A block of mass m is released from rest from the top of a frictionless incline a vertical distance h from the table underneath. The incline is fixed to the tabletop. Obviously the block speeds up as it moves to the bottom of the incline.
In AP Physics 1, students will be asked carefully about energy conversion. Depending on the system we consider, what are the "external" and "internal" forces? How should we articulate the energy conversion that allows the block to speed up?
1. On one hand, consider the block alone. It has zero kinetic energy to start, and some KE to end. Thus, some force must have done work on the block. (Since the we are considering the block alone, all forces acting on the block must be "external.")
The incline can't do work on the block -- the force of the incline on the block is perpendicular to the block's motion, so does no work. The only work done on the block is from the force of the earth on the block -- gravity. The amount of that work is the block's weight mg times the displacement parallel to the force's direction, i.e. the vertical displacement of the block h. That work mgh is converted to the block's kinetic energy.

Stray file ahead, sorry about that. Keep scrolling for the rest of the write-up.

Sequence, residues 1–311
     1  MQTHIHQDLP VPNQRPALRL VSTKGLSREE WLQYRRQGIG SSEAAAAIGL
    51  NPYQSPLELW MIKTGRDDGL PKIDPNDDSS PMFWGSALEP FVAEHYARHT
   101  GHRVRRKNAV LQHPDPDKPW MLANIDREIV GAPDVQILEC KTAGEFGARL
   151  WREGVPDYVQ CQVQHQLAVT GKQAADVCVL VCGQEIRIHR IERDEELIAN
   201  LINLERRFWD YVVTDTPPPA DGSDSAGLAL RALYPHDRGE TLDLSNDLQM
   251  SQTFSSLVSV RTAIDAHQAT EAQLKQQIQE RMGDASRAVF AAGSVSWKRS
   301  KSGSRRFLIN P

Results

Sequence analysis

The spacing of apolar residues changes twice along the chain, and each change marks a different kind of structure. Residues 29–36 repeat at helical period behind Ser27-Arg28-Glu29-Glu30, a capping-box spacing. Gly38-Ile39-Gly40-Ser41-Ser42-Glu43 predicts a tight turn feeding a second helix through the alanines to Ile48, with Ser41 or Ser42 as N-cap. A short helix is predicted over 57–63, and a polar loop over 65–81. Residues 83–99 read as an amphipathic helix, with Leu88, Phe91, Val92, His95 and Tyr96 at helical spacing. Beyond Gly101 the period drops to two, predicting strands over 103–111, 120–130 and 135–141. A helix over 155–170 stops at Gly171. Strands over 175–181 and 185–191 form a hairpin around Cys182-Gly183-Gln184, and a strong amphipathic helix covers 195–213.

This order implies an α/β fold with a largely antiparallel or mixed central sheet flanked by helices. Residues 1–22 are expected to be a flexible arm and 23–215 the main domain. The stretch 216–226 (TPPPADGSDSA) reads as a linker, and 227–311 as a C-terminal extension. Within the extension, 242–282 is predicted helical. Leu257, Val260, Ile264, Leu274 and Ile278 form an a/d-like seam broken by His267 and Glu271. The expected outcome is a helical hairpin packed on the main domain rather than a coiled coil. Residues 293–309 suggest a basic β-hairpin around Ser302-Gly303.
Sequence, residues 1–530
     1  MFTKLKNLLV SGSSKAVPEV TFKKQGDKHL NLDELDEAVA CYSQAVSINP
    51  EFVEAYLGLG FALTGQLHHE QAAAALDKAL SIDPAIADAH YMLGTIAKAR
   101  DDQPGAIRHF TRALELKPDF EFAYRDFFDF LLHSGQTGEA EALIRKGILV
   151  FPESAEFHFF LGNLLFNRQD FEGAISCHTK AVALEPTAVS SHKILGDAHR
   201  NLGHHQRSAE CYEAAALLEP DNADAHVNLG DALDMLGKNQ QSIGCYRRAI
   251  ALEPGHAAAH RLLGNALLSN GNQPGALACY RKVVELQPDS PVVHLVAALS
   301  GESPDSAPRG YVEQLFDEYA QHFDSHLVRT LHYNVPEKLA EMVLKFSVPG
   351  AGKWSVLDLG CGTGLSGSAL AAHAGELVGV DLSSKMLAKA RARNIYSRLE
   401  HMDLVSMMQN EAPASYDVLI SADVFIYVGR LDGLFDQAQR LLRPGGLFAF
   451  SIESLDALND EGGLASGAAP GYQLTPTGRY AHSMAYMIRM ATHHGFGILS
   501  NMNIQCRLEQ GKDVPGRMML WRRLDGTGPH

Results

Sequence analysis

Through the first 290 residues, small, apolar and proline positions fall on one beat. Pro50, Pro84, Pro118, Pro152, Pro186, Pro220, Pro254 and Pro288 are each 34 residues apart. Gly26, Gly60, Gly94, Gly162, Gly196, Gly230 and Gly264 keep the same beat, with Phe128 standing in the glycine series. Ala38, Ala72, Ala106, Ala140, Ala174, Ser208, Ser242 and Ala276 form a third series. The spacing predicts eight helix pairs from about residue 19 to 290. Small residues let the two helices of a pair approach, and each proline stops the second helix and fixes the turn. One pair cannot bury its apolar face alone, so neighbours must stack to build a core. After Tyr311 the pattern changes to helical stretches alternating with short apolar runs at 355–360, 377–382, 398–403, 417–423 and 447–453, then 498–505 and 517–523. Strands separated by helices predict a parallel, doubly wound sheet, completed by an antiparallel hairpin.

2. Consider the block-earth system. Now the earth cannot do work on the block-earth system because the earth is part of the system. But the block-earth interaction produces a potential energy mgh at the beginning. No work is done by external forces -- the only force external to the system is the force of the incline on the block, and that's perpendicular to the block's motion, and so can do no work. The system loses mgh of potential energy, which is converted to kinetic energy of the block.